Shooting photos "wide open" means setting your aperture to the widest point. This is a good setting if you do want to focus on a piece or portion of your subject, and have the rest of the photo be a dreamy, soft blur.
But let's take this a little further.
When shooting wide open you have to remember that it is your proximity to the subject that will dictate your depth of field (how much of your image is in focus). So using the ever reluctant Harry, below are a series of photos taken at different distances from Harry.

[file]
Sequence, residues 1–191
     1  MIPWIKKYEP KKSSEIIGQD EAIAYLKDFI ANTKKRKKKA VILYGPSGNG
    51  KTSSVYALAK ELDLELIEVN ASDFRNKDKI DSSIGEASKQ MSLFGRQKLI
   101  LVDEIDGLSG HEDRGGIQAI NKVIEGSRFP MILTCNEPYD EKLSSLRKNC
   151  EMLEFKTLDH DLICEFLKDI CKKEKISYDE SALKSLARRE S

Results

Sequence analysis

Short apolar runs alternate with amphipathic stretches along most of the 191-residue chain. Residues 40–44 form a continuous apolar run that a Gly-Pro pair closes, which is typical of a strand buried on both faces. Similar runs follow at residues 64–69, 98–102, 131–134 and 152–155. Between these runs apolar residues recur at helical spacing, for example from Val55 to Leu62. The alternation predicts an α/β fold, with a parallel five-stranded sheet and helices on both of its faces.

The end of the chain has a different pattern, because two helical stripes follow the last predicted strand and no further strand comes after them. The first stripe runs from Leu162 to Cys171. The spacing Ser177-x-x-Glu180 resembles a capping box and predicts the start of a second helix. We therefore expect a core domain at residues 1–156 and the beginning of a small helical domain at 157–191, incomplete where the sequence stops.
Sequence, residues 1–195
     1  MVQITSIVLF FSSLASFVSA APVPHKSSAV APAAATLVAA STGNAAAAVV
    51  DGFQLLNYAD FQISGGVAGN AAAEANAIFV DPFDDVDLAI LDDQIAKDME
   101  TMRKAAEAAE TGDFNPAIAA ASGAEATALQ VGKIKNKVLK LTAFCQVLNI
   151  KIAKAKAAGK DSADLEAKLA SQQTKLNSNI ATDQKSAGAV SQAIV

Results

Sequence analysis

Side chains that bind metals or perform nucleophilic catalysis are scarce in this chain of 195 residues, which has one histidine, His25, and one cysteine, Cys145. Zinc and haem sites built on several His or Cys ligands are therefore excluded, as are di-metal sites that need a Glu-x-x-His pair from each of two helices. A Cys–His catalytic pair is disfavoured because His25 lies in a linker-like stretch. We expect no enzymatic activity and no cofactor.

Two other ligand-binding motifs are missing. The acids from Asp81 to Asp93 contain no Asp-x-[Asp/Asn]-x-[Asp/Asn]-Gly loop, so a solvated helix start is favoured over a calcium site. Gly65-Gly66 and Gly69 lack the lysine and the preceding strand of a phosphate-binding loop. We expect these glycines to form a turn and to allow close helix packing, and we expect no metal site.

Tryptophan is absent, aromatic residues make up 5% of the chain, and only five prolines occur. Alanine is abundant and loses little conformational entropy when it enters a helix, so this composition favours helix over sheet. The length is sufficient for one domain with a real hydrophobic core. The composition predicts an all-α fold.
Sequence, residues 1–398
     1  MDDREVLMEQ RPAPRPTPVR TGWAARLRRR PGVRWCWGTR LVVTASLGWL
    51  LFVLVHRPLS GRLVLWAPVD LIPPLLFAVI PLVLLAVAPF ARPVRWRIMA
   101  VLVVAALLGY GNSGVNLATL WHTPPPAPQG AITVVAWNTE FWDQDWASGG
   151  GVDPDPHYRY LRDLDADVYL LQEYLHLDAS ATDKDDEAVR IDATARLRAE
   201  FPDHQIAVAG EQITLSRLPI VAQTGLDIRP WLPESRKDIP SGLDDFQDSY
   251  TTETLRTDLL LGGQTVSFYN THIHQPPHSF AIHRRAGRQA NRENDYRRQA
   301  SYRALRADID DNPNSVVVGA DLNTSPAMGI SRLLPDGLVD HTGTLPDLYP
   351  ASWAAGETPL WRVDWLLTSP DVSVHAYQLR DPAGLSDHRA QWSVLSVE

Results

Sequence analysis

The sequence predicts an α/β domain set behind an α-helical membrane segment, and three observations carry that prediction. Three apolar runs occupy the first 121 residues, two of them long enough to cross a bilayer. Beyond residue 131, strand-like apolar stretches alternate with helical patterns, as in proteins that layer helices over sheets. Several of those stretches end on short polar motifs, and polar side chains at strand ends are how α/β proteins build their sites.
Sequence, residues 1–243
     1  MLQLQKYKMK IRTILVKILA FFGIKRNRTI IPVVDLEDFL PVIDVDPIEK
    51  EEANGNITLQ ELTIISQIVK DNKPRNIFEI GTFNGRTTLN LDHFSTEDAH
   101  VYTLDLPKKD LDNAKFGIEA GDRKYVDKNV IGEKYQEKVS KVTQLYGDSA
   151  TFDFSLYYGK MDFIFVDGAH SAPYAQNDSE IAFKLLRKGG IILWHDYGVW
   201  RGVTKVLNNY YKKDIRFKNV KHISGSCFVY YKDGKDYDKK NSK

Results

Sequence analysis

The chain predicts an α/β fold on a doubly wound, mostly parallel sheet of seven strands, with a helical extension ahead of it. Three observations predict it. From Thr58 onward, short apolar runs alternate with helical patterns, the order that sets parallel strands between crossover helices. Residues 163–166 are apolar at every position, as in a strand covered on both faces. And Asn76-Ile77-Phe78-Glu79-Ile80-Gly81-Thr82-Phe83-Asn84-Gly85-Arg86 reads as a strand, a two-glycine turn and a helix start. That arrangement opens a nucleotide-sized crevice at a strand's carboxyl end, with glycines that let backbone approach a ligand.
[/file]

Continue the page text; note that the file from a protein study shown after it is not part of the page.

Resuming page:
There are many creative things you can do by photographing with a wide open aperture (in this case at 1.8 for my 50mm 1.8 lens). It's often suggested that you use a tripod to keep the camera extremely steady when shooting at the widest aperture level, because the slightest movement can cause problems. I did not take the time to set up a tripod, so my images are not "tack" sharp, but for the purposes of illustration in today's blog, they work.
Let's see what others did this week with wide open lenses. The blog circle is waiting. Start with Susannah Maynard and Pet Love Photography, serving Greater Cincinnati, the San Francisco Bay Area, and destinations nationwide. I hope your weekend is grand!